Finally, after studying the painting Guernica by Picasso, students were given time to create their own art representative of what they knew about the events and consequences of the civil war for the people of Spain. Once their art was finished, we displayed it in a “gallery” (a large open unused choir room in our school!), complete with tapas (ok, popcorn, chips and oreos, but it was a nice thought!). Students were divided, each group had 10 min to circulate and talk with others, 10 minutes to stand near own art. All talking in Spanish. I circulated asking questions to help them refine their own thoughts and statements. At the end, they had to describe their art to me in Spanish (via cell phone using Google voice), and then were randomly assigned to the art of another student to describe or discuss in Spanish.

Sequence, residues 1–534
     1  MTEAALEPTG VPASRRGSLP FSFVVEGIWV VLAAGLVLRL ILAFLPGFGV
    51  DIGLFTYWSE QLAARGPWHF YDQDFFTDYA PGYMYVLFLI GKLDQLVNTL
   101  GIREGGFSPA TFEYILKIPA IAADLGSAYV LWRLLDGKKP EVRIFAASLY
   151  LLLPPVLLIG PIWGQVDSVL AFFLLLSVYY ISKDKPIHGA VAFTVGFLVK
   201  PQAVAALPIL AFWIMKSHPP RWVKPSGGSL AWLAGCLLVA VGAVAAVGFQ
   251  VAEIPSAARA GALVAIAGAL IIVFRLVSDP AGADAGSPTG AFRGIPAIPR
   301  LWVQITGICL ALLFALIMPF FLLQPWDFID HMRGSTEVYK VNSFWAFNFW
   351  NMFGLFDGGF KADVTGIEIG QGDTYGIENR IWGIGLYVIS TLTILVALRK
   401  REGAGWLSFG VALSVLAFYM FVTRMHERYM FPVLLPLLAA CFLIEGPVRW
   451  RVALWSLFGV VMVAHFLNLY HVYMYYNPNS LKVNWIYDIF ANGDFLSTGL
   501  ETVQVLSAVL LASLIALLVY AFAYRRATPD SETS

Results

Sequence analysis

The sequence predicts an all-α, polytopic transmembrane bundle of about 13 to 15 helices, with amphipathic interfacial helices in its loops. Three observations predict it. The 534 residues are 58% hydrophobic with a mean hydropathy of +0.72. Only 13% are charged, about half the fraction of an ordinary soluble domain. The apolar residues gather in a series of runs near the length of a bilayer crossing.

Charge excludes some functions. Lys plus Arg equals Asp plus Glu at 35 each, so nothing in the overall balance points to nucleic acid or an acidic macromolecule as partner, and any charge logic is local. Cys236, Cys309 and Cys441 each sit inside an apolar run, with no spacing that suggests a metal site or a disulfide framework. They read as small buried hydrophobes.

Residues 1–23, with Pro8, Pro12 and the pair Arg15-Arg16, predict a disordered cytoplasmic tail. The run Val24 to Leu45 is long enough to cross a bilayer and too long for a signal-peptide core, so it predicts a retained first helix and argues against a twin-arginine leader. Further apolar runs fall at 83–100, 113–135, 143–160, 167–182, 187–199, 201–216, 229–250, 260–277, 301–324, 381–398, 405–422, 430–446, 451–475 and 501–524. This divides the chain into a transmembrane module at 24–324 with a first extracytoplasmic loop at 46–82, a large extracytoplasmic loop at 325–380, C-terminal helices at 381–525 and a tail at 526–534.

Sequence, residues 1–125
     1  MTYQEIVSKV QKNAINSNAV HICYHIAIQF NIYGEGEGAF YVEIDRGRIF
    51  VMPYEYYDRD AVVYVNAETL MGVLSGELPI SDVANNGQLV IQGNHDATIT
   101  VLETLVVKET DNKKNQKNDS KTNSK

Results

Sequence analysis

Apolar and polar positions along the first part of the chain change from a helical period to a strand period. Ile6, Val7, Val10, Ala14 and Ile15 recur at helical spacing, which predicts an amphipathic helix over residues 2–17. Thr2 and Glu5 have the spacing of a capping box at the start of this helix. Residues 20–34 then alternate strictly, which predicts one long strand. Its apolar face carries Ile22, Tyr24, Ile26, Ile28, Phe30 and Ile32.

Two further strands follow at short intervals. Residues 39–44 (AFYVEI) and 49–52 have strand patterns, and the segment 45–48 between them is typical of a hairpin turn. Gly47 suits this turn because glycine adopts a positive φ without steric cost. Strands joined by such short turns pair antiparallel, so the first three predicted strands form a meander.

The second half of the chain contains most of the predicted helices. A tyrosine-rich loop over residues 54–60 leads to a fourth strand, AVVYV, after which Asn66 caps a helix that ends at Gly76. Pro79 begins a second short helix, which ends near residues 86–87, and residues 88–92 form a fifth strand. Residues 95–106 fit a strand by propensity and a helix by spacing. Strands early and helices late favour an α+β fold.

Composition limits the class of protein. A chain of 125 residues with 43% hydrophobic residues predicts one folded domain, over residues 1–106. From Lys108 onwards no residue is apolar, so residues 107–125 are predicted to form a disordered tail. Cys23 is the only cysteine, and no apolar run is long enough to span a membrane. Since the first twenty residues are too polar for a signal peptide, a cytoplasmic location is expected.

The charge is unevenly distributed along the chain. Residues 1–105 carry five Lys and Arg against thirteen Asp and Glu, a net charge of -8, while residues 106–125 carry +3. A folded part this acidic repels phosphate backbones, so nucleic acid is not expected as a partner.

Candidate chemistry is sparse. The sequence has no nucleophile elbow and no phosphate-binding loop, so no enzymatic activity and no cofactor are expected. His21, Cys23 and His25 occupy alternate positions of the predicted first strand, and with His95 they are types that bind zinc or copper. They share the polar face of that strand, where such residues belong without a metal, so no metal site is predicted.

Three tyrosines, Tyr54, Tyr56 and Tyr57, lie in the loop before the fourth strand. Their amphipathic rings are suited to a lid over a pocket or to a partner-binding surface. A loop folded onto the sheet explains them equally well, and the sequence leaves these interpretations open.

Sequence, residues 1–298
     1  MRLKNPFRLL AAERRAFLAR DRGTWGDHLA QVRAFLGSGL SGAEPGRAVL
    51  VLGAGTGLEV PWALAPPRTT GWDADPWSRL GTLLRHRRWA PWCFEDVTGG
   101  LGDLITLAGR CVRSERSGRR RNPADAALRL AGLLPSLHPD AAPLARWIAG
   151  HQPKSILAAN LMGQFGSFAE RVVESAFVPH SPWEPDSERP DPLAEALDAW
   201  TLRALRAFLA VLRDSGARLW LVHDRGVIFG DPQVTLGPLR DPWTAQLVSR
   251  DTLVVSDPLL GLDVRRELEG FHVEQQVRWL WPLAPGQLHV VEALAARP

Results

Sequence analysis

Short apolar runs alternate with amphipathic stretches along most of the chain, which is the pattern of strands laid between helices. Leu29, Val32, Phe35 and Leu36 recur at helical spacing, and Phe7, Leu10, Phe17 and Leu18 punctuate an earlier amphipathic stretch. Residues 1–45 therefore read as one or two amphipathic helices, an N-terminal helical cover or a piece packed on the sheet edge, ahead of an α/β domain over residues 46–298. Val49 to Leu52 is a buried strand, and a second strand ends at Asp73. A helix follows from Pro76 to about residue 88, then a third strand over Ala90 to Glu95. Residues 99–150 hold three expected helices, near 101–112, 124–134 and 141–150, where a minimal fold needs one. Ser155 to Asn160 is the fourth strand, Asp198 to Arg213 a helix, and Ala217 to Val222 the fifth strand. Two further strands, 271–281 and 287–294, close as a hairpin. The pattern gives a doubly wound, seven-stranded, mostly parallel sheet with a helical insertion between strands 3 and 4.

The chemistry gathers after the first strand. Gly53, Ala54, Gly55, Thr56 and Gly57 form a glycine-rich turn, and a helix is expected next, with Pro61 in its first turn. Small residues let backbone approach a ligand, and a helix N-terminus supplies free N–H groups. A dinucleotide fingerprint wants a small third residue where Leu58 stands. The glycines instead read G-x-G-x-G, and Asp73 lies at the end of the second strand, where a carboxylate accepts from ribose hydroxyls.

Here is a video of two of my students describing art created by their classmates.